Financial services companies would continue to make loans—and make money on the deals—if Congress decides to place a 36% interest rate cap on short-term loans, Richard Williams, president/CEO of the Essential Credit Union told a Senate committee Wednesday.
The House Financial Services Committee on Wednesday approved legislation which would require federal financial regulators to develop a strategic plan to encourage the chartering of new credit unions and banks. The panel approved H.R 4590 by voice vote. The bill, sponsored by Rep. Jake Auchincloss, D-Mass., would require the regulators to conduct an 18-month study examining the challenges that newly chartered credit unions and banks face. Following that study, the regulators would be required to develop a strategic plan to promote creation of new financial institutions, particularly minority depository institutions and community development financial institutions. In a memo prepared for
A Republican effort to kill a postal banking pilot program contained in the House version of the FY22 Financial Services spending bill failed Monday.
The decision by the House Rules Committee not to allow Republicans to offer that amendment during floor debate of the measure all but guarantees that the $6 million pilot program will be in the House-passed version of the appropriations measure.
Credit union and banking political action committees have resumed making campaign contributions to House members who objected to the certification of some states’ Electoral College votes on Jan. 6.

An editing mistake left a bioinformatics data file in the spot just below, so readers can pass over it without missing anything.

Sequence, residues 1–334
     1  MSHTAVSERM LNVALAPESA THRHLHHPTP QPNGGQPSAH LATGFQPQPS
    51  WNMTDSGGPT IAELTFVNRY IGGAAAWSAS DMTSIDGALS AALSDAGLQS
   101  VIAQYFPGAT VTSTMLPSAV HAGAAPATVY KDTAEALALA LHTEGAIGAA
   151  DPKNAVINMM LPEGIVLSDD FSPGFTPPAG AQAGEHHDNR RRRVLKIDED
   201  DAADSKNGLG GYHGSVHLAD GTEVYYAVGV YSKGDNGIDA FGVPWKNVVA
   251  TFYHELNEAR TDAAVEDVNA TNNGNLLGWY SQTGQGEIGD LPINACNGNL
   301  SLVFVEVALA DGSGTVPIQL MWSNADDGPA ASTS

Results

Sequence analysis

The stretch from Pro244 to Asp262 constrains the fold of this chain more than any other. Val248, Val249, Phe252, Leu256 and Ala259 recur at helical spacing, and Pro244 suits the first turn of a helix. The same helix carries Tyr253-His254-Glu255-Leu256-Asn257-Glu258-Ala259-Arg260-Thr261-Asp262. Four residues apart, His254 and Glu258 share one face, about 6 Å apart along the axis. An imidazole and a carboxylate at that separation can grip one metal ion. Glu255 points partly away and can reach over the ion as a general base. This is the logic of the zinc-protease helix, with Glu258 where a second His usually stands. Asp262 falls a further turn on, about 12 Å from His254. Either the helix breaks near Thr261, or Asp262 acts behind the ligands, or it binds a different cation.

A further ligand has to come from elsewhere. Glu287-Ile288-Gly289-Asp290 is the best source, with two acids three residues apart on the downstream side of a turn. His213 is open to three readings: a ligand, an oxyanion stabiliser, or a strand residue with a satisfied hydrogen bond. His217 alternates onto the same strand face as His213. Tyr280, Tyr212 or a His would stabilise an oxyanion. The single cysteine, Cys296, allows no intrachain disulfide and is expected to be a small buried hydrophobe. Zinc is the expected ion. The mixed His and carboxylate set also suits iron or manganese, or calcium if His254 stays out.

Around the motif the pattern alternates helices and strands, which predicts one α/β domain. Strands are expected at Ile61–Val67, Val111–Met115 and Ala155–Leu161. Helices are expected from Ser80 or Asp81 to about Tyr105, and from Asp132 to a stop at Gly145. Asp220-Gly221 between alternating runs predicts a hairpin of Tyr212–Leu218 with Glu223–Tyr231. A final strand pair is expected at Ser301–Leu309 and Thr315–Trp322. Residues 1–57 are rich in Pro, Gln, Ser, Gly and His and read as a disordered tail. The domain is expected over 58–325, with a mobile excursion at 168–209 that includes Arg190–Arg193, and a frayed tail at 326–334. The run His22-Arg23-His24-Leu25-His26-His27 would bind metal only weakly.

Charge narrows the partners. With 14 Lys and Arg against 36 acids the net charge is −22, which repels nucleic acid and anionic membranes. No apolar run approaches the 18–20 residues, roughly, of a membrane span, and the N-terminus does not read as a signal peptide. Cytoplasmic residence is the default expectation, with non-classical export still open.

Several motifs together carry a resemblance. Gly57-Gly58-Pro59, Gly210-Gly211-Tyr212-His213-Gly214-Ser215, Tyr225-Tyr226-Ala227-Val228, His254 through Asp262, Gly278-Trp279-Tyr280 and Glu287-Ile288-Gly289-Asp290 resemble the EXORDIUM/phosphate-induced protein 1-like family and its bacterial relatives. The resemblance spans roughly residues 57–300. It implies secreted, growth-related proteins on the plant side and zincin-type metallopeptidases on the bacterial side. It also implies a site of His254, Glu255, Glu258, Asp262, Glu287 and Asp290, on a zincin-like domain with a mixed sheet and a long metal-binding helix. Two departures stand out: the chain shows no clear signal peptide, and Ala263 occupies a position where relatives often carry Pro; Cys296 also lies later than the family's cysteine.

Members of a House subcommittee and financial services experts agreed Wednesday that providing financial services to the unbanked should be a high priority for policymakers.
But they did not agree on how to solve the problem.
If it’s summertime, it’s time for the annual brawl between credit unions and banks over free access to military bases.
Each year, the two sides renew their feud, with credit unions intent on defending their turf and banks arguing that Congress has given credit unions another unfair advantage.
Key Democratic senators vowed Wednesday to block marijuana banking legislation unless it is enacted as part of a comprehensive federal cannabis legalization measure.
House Democrats, led by Rep. Carolyn Maloney, D-N.Y., are renewing efforts to rein in overdraft fees charged by financial institutions.
Maloney, who was joined by 31 Democratic colleagues in introducing H.R. 4277, has introduced similar legislation each Congress since 2009.
The Office of the Comptroller of the Currency’s so-called “rent-a-bank” rule that allowed banks and savings and loans to provide their charter to online lenders with annual interest rates exceeding 100% is dead.
President Biden officially killed the rule Wednesday by signing a resolution repealing it. The House approved that resolution last week; the Senate had passed it earlier.
The House Appropriations Committee on Tuesday approved an FY22 Financial Services spending bill that would provide large increases for community development financial institutions programs and would establish a pilot program to test postal banking.